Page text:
The conclusions and recommendations by Peterson all seem to be supported by psychological science. Even though psychology is my field of study, I'm not necessarily an expert on all that is in the book. I did not find myself disagreeing with any of the main points of the book based on scientific evidence. Where Peterson might get into trouble, at least with some people, is his willingness to draw conclusions beyond the science. Personally, I appreciated this because he shows a deep and rigorous philosophical thought. Scientists, at least psychologists, are often unwilling to delve into philosophy for fear of drawing conclusions that are not empirical, but by doing so, they handicap themselves. Peterson's willingness to do this, and do it well, was a breath of fresh air.

As for the personal growth aspect of this book, I think it could be very helpful for some people. I think most people will think the book is enjoyable to read even if they don't get huge personal benefits from reading it. For some, however, I think this book could be life-changing for them, or at least, it could be very helpful in their lives. I would only recommend that people who want to read to book for personal growth, actually read the book instead of listening to it. If they do listen to it, don't speed it up extremely fast and pause it to reflect often, maybe at the end of each chapter. I blew through this book very quickly on audio, and it was helpful, but it would have been even more so if I stopped to reflect and understand things better. This is why I said I thought about listening a second time, which I am still considering.

Overall, I really enjoyed this book and would recommend it to everyone. I think there's something in there for everyone. Even though the book is not Christian or religious, it fits with a Christian worldview and a non-Christian worldview.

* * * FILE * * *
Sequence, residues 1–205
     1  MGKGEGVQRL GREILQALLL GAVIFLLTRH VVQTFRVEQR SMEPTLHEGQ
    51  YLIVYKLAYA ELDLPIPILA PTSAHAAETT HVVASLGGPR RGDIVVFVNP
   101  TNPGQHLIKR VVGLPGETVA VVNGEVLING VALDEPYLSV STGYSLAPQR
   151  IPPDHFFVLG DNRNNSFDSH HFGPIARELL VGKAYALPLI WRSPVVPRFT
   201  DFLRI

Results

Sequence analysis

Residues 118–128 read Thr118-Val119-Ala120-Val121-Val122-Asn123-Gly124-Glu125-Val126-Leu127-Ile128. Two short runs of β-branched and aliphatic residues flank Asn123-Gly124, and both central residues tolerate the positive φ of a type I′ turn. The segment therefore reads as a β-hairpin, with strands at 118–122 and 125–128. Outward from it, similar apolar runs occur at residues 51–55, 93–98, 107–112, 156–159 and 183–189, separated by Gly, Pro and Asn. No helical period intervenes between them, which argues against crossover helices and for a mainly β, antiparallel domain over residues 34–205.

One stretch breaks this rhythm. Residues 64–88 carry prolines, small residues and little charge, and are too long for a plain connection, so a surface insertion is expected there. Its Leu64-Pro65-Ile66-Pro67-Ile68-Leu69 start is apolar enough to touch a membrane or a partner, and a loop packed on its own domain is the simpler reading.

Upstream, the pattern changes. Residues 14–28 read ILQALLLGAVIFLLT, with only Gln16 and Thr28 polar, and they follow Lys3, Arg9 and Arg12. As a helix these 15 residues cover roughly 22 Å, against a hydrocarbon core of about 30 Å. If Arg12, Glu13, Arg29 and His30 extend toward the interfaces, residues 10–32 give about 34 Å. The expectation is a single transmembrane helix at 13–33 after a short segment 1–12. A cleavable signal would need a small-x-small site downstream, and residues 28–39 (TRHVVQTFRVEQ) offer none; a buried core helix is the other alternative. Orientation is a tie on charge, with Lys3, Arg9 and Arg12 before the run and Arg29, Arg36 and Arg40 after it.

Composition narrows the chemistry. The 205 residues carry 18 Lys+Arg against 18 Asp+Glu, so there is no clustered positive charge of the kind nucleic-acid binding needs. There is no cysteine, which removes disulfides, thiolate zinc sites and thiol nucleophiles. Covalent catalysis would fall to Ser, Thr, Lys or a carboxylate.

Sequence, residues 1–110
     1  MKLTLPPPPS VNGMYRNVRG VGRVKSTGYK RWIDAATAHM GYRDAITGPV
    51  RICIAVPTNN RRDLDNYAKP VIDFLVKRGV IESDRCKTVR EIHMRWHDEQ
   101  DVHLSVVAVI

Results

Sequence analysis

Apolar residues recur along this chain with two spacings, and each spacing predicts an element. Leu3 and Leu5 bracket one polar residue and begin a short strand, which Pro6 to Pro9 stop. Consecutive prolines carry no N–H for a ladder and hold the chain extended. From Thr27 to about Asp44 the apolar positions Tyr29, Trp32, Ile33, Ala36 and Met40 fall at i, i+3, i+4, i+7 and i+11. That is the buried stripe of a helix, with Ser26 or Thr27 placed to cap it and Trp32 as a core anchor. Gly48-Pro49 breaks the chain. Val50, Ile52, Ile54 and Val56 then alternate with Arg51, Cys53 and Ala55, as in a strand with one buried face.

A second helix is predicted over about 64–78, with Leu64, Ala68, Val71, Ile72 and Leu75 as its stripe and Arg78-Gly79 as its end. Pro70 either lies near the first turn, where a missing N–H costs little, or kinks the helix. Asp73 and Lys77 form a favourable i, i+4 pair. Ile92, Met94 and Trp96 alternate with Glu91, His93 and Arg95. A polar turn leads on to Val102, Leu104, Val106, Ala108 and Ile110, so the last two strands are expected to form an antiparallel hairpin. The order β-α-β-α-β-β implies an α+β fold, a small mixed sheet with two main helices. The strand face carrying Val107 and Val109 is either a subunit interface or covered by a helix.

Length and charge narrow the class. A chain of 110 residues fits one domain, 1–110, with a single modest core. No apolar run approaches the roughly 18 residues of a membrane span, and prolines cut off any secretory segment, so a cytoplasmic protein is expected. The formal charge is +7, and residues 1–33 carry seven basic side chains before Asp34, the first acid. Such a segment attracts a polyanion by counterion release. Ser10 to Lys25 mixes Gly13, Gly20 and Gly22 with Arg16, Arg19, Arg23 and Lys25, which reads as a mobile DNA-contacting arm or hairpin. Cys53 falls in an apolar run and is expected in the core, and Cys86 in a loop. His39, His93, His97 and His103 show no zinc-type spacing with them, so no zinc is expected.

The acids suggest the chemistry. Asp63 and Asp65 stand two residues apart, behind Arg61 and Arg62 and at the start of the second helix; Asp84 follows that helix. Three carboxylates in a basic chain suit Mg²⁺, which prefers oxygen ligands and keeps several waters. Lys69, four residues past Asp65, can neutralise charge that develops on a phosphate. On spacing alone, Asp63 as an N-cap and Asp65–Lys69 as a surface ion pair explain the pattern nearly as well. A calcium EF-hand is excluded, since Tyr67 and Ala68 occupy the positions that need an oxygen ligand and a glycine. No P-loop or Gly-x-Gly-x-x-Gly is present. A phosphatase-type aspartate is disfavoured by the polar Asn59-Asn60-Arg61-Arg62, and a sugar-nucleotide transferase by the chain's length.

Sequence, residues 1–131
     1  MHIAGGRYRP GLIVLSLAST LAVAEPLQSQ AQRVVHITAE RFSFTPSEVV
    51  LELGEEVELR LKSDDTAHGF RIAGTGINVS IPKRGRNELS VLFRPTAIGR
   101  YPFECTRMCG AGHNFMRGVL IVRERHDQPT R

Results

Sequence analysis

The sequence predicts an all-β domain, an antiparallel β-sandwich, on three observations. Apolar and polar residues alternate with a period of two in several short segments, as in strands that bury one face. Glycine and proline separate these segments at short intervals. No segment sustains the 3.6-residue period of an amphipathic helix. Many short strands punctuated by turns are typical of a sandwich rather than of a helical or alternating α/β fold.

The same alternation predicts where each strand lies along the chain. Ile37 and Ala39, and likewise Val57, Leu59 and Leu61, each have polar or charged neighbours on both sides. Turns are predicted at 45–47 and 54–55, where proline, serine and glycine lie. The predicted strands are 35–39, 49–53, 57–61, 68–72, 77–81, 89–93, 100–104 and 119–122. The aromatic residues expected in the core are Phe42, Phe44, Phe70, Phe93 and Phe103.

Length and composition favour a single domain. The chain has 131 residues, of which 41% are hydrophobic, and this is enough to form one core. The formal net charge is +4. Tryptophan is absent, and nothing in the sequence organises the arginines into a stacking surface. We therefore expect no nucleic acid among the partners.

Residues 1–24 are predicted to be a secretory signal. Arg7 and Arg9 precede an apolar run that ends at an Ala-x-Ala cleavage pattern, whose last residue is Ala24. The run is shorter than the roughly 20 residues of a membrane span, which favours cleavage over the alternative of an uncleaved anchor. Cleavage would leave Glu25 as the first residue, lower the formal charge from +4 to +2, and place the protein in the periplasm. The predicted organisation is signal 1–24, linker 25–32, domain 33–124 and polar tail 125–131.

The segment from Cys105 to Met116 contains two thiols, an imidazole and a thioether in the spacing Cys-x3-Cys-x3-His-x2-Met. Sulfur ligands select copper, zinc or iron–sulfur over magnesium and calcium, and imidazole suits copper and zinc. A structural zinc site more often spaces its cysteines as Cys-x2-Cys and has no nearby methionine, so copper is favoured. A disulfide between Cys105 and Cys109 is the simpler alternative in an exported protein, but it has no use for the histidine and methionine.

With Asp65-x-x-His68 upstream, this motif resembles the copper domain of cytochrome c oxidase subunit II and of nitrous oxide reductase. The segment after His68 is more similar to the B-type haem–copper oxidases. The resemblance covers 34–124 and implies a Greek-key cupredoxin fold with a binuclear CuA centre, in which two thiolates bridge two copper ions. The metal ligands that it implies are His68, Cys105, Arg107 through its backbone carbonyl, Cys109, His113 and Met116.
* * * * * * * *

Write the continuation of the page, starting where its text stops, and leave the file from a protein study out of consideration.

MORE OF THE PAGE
View all my reviews

Sunday, June 5, 2016

A man's thoughts on makeup

Yes, I am a man and I am writing about makeup, which primarily concerns women, but I am also a father of three young girls. While this article is directed mostly towards women, it is not just for women. It's also for husbands, fathers, and the men who (directly or indirectly) pressure women into wearing makeup or thinking they need it. 

Women, why do you wear it? Do you wish you had the same freedom as men to go without it? You are beautiful without it and you don't need it! I wrote this article a few months again but I thought it would be a prime time to finish it since Alicia Keys just said she is not going to wear makeup anymore. Let me try to convince you, without guilt or obligations, to (mostly) follow her example and go without makeup, or at least minimizing the amount you wear (hey, maybe you'll slowly get to the point where you don't want it anymore.).